Quiet, 911

My mother never let me watch television or read a newspaper growing up. We owned an old black and white model that I hid under my bed. The static was terrible during the day, so I had to watch it during the night. I was in my late teens before I actually saw a news show. It was about the Oklahoma City bombings. I remember it making me sad. All those little children were killed for a reason that was beyond me. I can only assume that my mother shielded me from those things growing up.
We would always read books to each other. The words combined into stories, and they fueled my brother’s imagination to terrorize me. We relived these stories each night as we pretended to be the hero driven to save the city from imminent destruction by the horrible villain. That is where my idea of celebrity came from. The heroine of a story of learns courage in the face of self-doubt.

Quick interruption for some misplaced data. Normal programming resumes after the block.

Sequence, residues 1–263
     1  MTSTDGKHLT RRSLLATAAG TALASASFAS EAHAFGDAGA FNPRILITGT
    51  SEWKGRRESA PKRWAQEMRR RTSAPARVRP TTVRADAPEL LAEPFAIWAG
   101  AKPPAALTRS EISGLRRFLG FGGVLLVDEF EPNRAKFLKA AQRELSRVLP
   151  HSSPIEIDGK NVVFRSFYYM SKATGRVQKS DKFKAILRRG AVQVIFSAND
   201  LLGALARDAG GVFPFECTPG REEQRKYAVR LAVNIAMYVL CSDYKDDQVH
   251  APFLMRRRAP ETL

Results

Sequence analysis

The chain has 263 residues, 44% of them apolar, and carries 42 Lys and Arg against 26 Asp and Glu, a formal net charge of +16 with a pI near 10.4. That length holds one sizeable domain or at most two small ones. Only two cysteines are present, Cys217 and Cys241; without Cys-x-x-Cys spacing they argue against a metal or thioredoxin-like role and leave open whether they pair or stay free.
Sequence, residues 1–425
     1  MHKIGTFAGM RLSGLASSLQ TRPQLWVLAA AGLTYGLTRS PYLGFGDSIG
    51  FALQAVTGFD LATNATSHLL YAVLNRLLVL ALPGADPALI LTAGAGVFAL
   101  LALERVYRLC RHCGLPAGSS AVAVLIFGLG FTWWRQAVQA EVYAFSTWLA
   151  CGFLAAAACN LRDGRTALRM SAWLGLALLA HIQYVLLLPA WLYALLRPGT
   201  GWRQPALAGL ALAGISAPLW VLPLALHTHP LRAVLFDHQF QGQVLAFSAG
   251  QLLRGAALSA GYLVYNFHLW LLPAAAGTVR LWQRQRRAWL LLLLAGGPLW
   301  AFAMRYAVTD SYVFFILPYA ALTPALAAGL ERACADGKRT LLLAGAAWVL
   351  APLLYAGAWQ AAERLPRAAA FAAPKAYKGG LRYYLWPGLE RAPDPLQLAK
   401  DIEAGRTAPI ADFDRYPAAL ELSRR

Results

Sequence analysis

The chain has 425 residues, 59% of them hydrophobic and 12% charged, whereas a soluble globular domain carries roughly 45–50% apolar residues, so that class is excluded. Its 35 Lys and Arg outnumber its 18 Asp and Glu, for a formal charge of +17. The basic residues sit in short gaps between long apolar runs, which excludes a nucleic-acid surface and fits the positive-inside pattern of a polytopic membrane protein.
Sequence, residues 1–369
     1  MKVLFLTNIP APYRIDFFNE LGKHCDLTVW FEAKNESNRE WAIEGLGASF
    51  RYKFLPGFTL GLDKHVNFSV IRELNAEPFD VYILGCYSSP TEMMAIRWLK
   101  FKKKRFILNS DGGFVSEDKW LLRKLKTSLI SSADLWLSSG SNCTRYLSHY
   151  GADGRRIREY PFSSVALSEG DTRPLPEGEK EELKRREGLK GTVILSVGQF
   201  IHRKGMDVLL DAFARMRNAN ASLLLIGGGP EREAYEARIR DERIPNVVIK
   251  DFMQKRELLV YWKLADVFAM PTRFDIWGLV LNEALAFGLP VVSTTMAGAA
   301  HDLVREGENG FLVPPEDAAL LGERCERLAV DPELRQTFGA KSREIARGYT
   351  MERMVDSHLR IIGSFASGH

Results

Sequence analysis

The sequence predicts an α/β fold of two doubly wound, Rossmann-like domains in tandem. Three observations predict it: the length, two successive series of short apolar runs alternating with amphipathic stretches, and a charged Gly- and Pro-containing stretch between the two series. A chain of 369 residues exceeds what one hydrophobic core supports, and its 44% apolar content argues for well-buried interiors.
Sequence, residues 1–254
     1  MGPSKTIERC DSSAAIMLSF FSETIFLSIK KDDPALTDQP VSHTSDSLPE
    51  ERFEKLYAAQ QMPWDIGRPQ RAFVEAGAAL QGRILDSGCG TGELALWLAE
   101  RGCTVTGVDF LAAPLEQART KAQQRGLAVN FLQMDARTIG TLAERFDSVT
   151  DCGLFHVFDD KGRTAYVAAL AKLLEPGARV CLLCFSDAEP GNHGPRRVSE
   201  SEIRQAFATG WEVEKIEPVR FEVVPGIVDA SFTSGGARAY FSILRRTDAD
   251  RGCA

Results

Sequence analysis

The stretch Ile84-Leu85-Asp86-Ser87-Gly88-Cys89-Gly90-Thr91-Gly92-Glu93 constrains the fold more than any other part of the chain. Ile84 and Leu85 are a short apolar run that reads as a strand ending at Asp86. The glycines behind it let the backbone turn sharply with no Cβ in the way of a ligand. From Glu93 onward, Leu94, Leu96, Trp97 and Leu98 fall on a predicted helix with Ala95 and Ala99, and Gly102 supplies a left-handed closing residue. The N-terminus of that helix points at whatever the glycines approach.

The heroes of 9/11 are etched into the collective conscience of the United States. Each gave something of themselves to save another human being. To the survivors, the guilt and remorse have been a tough fight. The dead, in their sleep, are loved and missed by many. The heroes came in all shapes and sizes. They came from all walks of life. They each had something to give.
I remember the eerie quiet that settled over our part of the world. People would go quietly, lost in thought, to their daily business. Those lined up to give blood, food, clothing and medical supplies never said a word. They would solemnly nod to one another or touch each other on the shoulder. It was like words left the world.
These quiet, heartbroken and grieving people put their shoulders into the wind and kept on moving. Day after day they woke up and went to work to keep this country going. That is the goal they had. The sadness is still here, but they truly have never forgotten.
J. Davies

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